The geology of an area is usually considered as two structures, the bedrock (“Solid”) and the surface features (“Drift”).


The bedrock of the Land of Oak and Iron is formed by “Coal Measures” rocks laid down during the Carboniferous Period, 360 to 300 million years ago, when this area was covered by tropical forests. It is these rocks that have formed the landscape that provided the raw materials for the early coal and iron industries.

The “solid” geology is mainly seen where the River Derwent has removed the “drift”, at Shotley Bridge and at Chopwell, and where the rocks have been quarried.

Fossils remains from this period are scarce, mostly leaves of trees and sections of the bark of trees, still to be found in stream and riverbeds and in disused quarries. Some better examples, from coal mines, are in the Hancock Museum.

Typically, the rocks were laid down as layers of sandstone, coal and shale, as local climate conditions changed. Some of the older sandstones around Shotley Bridge are quite hard, and were once used to make millstones for grinding corn. Some of these were quarried out of the riverbed just upstream of the bridge. The River Derwent has exposed the bedrock at Shotley and Chopwell Crags. Nearby at Consett, a type of rock called “ironstone”, found in the shale layers, had a high percentage of iron ore, and, though local supplies were rapidly exhausted, it was this stone that started the early iron works. Other sandstones have been quarried for building stone, the stone being used for example, at Gibside, including the Statue to Liberty, and at Friarside Chapel.

Much more importantly, the coal has been mined and has fuelled local industries, as well as being shipped down the coast to London. This trade provided vast wealth for some of the local landowners, who created the houses and estates at Hamsterley Hall, Axwell Park and Gibside. Crowley’s Ironworks at Winlaton Mill and later the Derwenthaugh Cokeworks became major sources of local employment.

Another legacy of the mining of coal is the network of former railways and waggon ways used to carry the coal down to the River Tyne. The Derwent Walk and several other coal ways are now in use as countryside walks and cycle paths.

“Drift”, surface geological features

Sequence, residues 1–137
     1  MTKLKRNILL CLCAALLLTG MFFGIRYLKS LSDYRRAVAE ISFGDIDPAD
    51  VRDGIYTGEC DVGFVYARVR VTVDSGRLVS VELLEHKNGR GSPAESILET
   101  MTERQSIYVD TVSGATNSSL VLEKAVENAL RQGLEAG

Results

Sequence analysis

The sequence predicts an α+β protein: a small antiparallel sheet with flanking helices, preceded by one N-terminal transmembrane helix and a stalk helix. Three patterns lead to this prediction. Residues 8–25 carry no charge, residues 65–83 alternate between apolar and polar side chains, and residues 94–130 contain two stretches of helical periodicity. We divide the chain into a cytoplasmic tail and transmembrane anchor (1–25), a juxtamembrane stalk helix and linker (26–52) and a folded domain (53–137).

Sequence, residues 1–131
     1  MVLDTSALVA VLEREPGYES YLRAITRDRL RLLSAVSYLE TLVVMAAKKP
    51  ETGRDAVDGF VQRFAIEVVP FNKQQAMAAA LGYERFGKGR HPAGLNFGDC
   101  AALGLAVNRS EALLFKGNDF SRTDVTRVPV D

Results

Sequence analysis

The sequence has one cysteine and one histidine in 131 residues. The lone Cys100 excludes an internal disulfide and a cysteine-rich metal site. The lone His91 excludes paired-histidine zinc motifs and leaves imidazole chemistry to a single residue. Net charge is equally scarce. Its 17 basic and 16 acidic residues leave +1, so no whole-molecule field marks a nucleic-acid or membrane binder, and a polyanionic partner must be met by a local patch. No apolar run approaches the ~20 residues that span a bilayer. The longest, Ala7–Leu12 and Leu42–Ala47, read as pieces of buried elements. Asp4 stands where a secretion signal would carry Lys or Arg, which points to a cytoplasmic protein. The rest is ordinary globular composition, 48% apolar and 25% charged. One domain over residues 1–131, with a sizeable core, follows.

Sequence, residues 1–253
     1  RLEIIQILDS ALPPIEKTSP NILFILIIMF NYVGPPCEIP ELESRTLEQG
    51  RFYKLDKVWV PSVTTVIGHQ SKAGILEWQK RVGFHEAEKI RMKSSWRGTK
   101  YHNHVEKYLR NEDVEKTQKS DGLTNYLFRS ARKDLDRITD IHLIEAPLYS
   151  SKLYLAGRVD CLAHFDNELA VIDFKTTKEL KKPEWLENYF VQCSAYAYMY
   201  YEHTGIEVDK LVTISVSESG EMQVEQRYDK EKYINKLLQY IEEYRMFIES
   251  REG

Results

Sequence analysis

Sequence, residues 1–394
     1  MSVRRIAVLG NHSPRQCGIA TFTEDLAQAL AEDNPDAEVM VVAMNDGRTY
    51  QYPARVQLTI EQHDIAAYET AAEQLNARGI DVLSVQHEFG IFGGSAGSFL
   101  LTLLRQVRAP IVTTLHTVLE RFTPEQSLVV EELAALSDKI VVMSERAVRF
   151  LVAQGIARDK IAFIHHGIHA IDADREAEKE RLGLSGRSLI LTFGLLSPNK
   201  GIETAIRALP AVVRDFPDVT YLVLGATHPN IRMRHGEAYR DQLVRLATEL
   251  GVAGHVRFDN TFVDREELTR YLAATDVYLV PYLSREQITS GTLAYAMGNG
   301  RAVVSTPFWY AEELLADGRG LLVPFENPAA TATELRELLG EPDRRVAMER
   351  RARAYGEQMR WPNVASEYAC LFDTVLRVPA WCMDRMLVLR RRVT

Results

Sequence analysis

Glacial Features

Almost everywhere in the Land of Oak and Iron the bedrock is concealed by layers of material deposited during and at the end of the ice ages. There are large deposits of glacial sand and gravel in the Ryton/Greenside/Crawcrook area and at Broad Oak, north of Ebchester. These have been quarried for building materials for many years, with the larger quarries later used for landfill.

In the areas that have not been quarried, parts of the landscape are formed by glacial material left behind by the ice, including conical hills called drumlins and linear features called eskers. These can best be seen in the Beda Hills area, near High Spen.

Post Glacial Features

The most curious and special feature of the post-glacial geology of the Land of Oak and Iron are the “Tufa” formations. While a few of these are known in other parts of the country, the Land of Oak and Iron has a unique cluster of sites where tufa dams form in streams.

Micro-organisms in the streams extract calcium from the water and deposit it on the bed of stream, not uniformly, but as a series of dams and pools over a length of a hundred metres or so. Each dam is 20 to 60 centimetres in height, with a pool of similar depth and two to three metres long. The dams are sometimes fragile, and can be damaged by floods, but the micro-organisms quickly repair them, incorporating tree roots, rocks and leaves into the structure.

The dams have the effect of oxygenating the water and the pools provide habitats for many invertebrate animals. The tufa formations are, on a small scale, analogous to the biodiversity enhancing effect of coral reefs or beaver dams.

The origins of the tufa dams are still a bit of a mystery.